Julie Ann Emery: It carries enormous responsibility. It comes with its own set of anxieties. I think we all wanted to approach all of our characters with as much empathy and humanity as we could. Everyone was really trying to understand their characters and how they move through their circumsances. And what’s so beautiful about that is you have so many different points of view in the show. For Diane, just the circumstances, again, of her showing up are so heroic. I could get little pieces from Sheri’s book and her interviews about the kind of leader she was. But Diane also has a family and being pregnant, there were two people to consider. I named my prosthetic belly “nugget” to make it real for everyone. But there were two of us there. After the show started airing and Sheri Fink started hearing from some of the people who were there at the hospital in a favorable way, I had a breakdown. I don’t think I realized how much I was hanging onto. I was carrying it around in a knot – that kind of apprehension. If we’ve done any kind of justice to the people who were there, that was our end goal.
Awards Daily: You were so believable as a pregnant woman. I almost wanted to ask, you weren’t really pregnant, were you?
Julie Ann Emery: No, I would have to have been seven months pregnant for six months of shooting. [Laughs.] Each episode is one day, so I had a prosthetic belly. Our costume designer, Deb Hanson, got a really great silicone. It had weight to it, it hung how it was supposed to hang, and it even had a little belly button. It felt right and real and we overdressed it, you know, with things to pull it into me until I felt like it was just part of my body. That was incredibly important to me. I will say this, going from not pregnant at all, to having that size belly, the first time I stepped out of my trailer during the camera test I fell because I couldn’t see the stairs. I didn’t fall, I caught myself, but I was like, okay note to self: things are different in this state.
Awards Daily: Vantage point Totally changed. [Laughs.]
Julie Ann Emery: Different thing. Different, yeah. And the director’s chairs are not conducive to having a prosthetic belly. So I was always sitting on tables or anything that I could find to sit on. Sometimes I would sit on (production designer) Matthew Davies’ beautiful set, because it was the only chair I could totally get myself into and out of. But I’m really grateful that it was so realistic. It helped me a lot.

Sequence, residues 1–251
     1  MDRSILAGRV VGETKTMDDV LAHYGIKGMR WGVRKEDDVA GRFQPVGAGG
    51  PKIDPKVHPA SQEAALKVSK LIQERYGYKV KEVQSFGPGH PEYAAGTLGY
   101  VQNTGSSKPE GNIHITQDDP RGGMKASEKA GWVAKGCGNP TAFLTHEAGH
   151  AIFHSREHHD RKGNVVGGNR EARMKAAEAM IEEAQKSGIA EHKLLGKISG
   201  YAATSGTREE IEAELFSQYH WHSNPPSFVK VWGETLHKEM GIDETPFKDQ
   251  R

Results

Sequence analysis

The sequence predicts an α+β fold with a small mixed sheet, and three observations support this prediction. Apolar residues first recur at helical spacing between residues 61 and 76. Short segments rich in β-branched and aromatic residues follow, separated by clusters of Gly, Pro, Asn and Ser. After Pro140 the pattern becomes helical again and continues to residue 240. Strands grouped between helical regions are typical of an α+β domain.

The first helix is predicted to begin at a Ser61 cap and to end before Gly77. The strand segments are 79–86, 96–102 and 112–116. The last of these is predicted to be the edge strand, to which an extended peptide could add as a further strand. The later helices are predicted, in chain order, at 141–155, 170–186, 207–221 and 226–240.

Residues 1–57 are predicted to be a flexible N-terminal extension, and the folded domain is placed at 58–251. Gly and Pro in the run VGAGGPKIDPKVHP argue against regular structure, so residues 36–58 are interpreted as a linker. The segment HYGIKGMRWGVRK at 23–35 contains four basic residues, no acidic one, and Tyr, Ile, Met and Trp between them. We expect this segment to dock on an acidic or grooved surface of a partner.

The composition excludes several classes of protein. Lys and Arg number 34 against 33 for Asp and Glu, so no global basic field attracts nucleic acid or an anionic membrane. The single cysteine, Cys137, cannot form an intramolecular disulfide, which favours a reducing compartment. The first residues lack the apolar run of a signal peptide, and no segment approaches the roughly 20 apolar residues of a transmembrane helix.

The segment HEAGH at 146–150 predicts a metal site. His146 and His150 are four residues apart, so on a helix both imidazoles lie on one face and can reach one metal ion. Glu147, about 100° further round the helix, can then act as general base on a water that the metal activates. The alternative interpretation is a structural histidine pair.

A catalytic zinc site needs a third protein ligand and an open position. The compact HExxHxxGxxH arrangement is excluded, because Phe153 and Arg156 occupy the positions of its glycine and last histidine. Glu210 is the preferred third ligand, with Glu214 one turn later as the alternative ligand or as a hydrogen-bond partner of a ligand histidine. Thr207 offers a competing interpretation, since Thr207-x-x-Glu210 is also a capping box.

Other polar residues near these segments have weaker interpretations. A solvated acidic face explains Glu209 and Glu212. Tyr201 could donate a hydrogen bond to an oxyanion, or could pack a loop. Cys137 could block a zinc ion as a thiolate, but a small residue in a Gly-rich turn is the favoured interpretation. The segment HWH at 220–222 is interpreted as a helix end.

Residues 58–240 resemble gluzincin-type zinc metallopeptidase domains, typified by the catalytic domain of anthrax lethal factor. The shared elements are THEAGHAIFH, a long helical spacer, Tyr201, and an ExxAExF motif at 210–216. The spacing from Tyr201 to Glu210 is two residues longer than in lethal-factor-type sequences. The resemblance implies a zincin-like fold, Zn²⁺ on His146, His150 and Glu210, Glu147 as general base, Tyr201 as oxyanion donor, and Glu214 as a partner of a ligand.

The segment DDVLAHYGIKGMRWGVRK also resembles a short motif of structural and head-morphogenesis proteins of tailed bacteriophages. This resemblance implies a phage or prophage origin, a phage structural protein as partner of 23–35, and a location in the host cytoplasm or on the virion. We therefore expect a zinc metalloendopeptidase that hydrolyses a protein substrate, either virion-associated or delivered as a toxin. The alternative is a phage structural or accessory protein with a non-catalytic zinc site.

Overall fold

Awards Daily: You made a really good point. There’s no way you could have been seven months pregnant for six months. That’s the magic of what great acting and great filmmaking does is it makes you forget that what’s in front of you is a dramatization.
Julie Ann Emery: Yeah. You wanna forget the realities of, of the filming. Right? That’s the math.
Awards Daily: When I talked to (producer) Carlton Cuse, one of the things that he was so proud of in terms of the cast was the lack of vanity in the performances. You know, you all have to look like hell after a while because if you didn’t, it wouldn’t be true to the conditions that the staff was working under. When I talked to Robert Pine, he said, I particularly felt bad for the women. [Laughs.]
Julie Ann Emery: There’s a different standard put on women in the business. However, I will say, I am not aware of anyone objecting. The only thing I ever said was, “how bad would it be and make it worse.” At one point, like day three, it’s probably just me with nothing on. Once we get into day four and day five, we’re making it worse under my eyes. We’re making it like it would be hollowing out. We were all trying to track what actually would’ve physically been happening to our characters and carrying that into the makeup trailer. We had such a brilliant hair and makeup team that they really just went with us on that dive. So mostly what happened in hair and makeup by days three, four, and five, is they put this kind of Egyptian petroleum jelly on us so that the water would bead up. So we were sticky and weird all day. But everyone was completely committed. I don’t think I even ever heard any of our day players or guest stars say boo about it. Everybody just took the dive and went.
Awards Daily: The moment that you have to leave Emmett, and you have that conversation…it’s an interesting thing because we always think about survivor’s guilt more in the past tense. Like you went through something, you survived it, and then you start thinking, oh gosh, but all those other people died. Why me? It was as if Diane, as you were playing her, was going into survivor’s guilt before she left the room, which I thought was very powerful. You could already feel that landing on her.
Julie Ann Emery: I’m tearing up right now just thinking about it, and I shot it over a year ago. Some things leave a mark, you know? That scene…I will say this, we shot most of it as a oner, from the office when I start talking to Gina Isbell, and she’s freaking out and then walking down the hall. We had such a brilliant DP and camera crew. Ramsey Nickell did a beautiful job really being able to incorporate those moments so they weren’t broken up for us. John Ridley directed that episode. He directed it so beautifully and psychologically, and we knew we were building to that moment from the beginning. Damon and I had tried to lay in some bits and pieces up to that point so that that moment would have a real impact. There’s a moment when Damon puts his hand on my belly.